Icelandic Tales 2 (Íslendinga Þættir 2): Four Short Stories, Norse Text, Literal Translation, and Word List
The meaning of the word 'saga' (plural: 'sǫgur' or 'sögur') translates as 'that which is said', or more widely: a 'saying', 'statement', 'story', 'tale', or 'narrative'. Also in the storytelling tradition of medieval Iceland is the short story called the 'þáttr' (plural: 'þættir'), meaning a strand of rope or a yarn, comparable to the word 'yarn' in English sometimes used to refer to a story.
The four tales in this book are:
- The Tale of Ívarr Son of Ingimundr (Ívars Þáttr Ingimundarsonar), a tale about a king who goes to great lengths to comfort his heartbroken friend.
- The Tale of Thidrandi and Thorhall (Þiðranda Þáttr ok Þórhalls), a tale about a sacrifice taken by spirits of the old gods, as their days are numbered due to the onset of christianity in Iceland.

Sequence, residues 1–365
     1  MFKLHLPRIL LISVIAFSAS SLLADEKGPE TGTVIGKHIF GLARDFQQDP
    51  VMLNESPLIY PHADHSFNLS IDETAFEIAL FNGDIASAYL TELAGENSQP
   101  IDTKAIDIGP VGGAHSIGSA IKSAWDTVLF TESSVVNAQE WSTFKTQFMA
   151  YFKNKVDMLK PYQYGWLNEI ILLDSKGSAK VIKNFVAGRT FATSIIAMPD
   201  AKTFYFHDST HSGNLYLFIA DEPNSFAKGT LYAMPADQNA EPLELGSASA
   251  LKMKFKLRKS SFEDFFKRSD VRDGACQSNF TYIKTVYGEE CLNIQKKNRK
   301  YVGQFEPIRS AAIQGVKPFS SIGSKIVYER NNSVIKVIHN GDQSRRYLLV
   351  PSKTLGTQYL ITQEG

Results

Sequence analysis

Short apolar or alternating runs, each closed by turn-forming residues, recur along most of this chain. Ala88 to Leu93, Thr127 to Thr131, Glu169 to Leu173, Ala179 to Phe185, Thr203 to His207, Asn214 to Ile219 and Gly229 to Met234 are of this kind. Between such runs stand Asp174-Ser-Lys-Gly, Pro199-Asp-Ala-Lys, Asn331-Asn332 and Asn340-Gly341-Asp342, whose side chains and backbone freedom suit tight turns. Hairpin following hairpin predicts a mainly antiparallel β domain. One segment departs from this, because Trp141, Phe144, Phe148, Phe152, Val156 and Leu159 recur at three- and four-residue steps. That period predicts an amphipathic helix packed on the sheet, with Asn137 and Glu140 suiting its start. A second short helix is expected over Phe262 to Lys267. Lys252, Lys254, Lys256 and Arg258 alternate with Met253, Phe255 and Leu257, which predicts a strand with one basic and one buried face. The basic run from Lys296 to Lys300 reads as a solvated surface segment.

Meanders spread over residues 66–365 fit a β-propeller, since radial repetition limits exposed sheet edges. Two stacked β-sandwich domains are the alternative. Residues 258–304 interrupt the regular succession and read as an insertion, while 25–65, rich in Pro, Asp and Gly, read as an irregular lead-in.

- The Tale of Helga Thorisson (Helga Þáttr Þórissonar), a tale of two brothers who travel north on a trading voyage, coming into contact with powerful sorcery.
- The Tale of Audun of the West Fjords (Auðunar Þáttr Vestfirska), a tale of a poor man who makes a name for himself with an unusual gift and an epic journey.
This book is designed to be of use to anyone studying or with a keen interest in Old Norse or Old Icelandic, clearly showing how these languages work, and the influence of these languages on English. This edition is laid out in three columns, the original text, a literal word-for-word translation, and a modern translation. Also included is a word list with over 1,000 definitions.